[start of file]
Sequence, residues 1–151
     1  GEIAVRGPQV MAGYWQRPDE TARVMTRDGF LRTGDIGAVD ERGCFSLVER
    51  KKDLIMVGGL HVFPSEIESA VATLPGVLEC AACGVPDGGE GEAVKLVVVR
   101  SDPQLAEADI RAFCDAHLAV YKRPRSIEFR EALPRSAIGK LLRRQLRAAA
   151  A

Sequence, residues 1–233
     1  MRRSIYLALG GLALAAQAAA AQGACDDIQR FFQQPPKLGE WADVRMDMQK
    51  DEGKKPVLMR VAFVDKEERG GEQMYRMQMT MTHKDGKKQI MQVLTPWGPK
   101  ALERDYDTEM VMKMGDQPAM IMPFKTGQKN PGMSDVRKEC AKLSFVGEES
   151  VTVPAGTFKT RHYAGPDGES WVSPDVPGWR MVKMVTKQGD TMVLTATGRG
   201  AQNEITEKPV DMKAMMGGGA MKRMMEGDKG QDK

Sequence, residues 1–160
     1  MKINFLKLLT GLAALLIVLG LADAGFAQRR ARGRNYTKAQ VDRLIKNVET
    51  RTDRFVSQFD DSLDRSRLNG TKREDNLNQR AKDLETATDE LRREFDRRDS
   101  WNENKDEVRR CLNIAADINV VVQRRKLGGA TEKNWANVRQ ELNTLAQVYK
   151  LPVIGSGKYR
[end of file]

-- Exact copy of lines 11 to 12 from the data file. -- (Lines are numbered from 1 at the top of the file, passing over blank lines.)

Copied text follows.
   201  AQNEITEKPV DMKAMMGGGA MKRMMEGDKG QDK

Sequence, residues 1–160